By Benét J. Wilson, DJTF co-chair, Online Managing Editor-Business Aviation, Aviation Week Group
Editor’s note: please join the National Association of Black Journalists’ Digital Journalism task force for our next BlogTalkRadio chat – “Hyperlocal Websites: Are They The Savior Of Local News?” – tonight, Tuesday, Sept. 28 from 8:00-9:00 p.m. Eastern time. Click here for more details. I hope you can join us!
Dr. Michelle Ferrier is an associate professor at Elon University in North Carolina, where she teaches in the iMedia graduate program. She was one of the chairs of the Journalism That Matters conference, held in Detroit in June that focused on entrepreneurialism in journalism.
Ferrier is the creator of LocallyGrownNews.com, a hyperlocal website focused on allowing citizen journalists and community members to “focus on what they are most passionate about – building their community conversation through good local information and networking.” The website is an online community and mobile application designed to foster conversations around the locavore movement and uses the eating locally movement to generate conversation around sustainable, healthy lifestyles.
NABJDigital: How did you come up with the idea for LocallyGrown News?
Michelle Ferrier: The original idea came out of the McCormick Foundation’s New Media Women Entrepreneur proposal for grants. I created a project that provided tech, content, shared marketing and shared promotion systems to create small hyperlocal online communities run by women.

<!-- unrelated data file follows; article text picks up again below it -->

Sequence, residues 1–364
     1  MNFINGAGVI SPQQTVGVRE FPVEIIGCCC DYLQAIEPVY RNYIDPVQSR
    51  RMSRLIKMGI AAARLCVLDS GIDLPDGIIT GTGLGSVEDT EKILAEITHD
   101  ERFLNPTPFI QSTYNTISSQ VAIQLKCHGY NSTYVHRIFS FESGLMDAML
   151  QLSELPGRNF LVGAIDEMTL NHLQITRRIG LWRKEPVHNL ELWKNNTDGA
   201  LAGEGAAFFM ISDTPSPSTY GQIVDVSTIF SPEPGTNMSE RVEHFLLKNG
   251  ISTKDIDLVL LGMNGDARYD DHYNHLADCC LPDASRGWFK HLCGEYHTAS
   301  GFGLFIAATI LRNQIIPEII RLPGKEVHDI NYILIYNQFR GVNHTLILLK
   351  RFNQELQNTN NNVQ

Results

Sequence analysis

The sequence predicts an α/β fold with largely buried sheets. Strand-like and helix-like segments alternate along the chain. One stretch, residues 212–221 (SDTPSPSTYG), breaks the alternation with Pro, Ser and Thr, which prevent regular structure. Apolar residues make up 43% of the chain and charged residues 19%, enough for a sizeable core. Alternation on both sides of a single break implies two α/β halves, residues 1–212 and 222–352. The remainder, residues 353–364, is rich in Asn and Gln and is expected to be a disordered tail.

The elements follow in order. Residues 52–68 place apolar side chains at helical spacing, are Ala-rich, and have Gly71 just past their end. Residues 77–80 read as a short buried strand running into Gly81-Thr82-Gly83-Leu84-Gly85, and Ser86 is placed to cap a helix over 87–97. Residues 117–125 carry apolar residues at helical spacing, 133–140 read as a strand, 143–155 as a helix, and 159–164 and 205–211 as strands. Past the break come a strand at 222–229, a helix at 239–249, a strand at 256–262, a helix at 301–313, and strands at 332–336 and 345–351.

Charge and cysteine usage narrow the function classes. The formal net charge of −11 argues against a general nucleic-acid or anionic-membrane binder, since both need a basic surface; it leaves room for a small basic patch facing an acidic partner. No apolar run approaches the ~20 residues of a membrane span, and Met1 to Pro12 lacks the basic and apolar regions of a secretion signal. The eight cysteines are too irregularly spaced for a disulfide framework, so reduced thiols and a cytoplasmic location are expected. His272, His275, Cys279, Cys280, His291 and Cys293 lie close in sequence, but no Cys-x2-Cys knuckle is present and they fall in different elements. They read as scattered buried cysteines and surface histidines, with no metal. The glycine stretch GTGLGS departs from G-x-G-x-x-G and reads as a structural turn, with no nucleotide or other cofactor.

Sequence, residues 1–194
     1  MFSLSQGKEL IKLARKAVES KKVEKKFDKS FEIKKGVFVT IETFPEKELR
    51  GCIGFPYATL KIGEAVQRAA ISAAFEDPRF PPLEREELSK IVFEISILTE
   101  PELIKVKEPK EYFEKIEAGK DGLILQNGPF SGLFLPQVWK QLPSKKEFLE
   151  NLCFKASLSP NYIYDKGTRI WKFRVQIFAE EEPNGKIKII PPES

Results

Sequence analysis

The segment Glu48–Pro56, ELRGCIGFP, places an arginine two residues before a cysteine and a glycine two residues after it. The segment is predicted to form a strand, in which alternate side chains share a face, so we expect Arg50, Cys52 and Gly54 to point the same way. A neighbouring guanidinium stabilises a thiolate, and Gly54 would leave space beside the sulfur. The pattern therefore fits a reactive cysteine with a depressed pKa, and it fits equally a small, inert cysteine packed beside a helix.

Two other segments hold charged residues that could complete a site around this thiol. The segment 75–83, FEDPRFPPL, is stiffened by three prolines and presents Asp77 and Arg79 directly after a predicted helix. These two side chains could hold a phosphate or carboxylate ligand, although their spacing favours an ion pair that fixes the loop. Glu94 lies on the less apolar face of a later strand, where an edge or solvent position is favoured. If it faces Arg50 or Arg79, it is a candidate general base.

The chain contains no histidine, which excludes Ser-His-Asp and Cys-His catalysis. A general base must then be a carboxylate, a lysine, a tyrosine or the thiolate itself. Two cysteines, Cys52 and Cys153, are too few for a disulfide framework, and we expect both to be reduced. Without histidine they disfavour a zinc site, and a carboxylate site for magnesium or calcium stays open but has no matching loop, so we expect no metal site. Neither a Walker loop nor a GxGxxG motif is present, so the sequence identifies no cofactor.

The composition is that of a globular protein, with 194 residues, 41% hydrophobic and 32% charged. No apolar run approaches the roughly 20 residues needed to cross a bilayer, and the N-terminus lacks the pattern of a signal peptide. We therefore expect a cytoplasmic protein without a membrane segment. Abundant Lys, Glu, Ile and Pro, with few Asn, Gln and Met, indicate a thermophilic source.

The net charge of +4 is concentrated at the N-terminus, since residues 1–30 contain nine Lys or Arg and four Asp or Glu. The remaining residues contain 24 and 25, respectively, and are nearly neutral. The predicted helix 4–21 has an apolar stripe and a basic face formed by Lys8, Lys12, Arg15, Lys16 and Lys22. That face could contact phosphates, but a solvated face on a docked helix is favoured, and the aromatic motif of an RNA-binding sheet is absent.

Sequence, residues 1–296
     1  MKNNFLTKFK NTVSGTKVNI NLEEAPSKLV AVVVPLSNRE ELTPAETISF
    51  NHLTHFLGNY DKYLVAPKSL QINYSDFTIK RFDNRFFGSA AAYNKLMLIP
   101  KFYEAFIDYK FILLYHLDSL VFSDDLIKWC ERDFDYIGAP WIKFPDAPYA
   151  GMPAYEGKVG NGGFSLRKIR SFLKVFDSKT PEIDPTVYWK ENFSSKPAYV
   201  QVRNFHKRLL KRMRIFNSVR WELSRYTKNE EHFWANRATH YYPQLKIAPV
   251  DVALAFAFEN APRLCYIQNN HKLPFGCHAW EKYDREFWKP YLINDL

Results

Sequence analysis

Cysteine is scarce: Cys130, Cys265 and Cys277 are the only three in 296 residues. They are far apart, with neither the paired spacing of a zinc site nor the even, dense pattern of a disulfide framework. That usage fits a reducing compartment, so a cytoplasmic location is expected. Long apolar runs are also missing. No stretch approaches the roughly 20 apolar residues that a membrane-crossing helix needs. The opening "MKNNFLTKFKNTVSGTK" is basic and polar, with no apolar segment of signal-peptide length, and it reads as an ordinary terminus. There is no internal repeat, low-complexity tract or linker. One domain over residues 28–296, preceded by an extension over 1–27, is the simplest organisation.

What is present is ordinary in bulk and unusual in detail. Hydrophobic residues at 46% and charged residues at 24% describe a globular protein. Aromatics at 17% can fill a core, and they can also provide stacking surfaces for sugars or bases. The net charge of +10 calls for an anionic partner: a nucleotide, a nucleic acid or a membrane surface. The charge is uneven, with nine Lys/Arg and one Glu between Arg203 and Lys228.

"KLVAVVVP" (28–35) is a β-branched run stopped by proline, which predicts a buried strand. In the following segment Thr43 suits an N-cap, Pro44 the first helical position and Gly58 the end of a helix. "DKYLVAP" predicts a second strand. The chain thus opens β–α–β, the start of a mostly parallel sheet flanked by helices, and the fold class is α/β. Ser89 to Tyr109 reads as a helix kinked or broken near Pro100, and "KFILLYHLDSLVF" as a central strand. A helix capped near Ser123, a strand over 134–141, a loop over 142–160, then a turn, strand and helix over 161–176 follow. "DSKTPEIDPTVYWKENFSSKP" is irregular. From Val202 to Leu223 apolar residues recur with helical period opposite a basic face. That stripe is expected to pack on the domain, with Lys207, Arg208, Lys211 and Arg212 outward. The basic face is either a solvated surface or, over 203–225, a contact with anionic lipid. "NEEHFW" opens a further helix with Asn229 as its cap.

ND: Why did you think there was a need for a website like this?
MF: I felt this system was needed. I wanted a way to package all the things an entrepreneur would need to get started. It was actually born out of survivor’s guilt. I created this online community – MyTopiaCafe.com – at a legacy newspaper. I left after several rounds of layoffs. A week after I left, my whole team was laid off. I wanted to support those laid-off workers and create something similar for them.
ND: How does LocallyGrownNews.com work?
MF: First, those interested in developing a website can contact me. We did a soft launch in May. We started by developing sites in Greensboro and Winston-Salem, N.C., to see what it would be like and test the technologies used. This is a women’s community news franchise and we picked this topic to start because of the growth in local food movements. Local food will increasingly get more attention in creating jobs to grow local economies.
ND: What in your background do you think led to the creation of LocallyGrown News?
MF: I had three majors in college. I started out in engineering, which gave me the computer science I needed. Then I went into business, where I got accounting and marketing knowledge. Finally, I went to journalism. All three gave me a good base for a future as an entrepreneur.
ND: You won a grant from the McCormick Foundation. How important was that funding for LocallyGrown News?
MF: The grant was for $10,000, which was used to cover development costs. Those costs alone for can be staggering. I looked at existing platforms, both free and charged. But to really develop the online community I wanted, I would have to build my own platform, and that seed money helped me create my vision. The content management system itself is extremely robust. It runs on an engine that some newspapers run. It’s a very robust platform for print export that you won’t find on Blogger or WordPress. It’s not a blog. If someone is looking for a comparison, it’s a mashup of Facebook, WordPress and online news sites.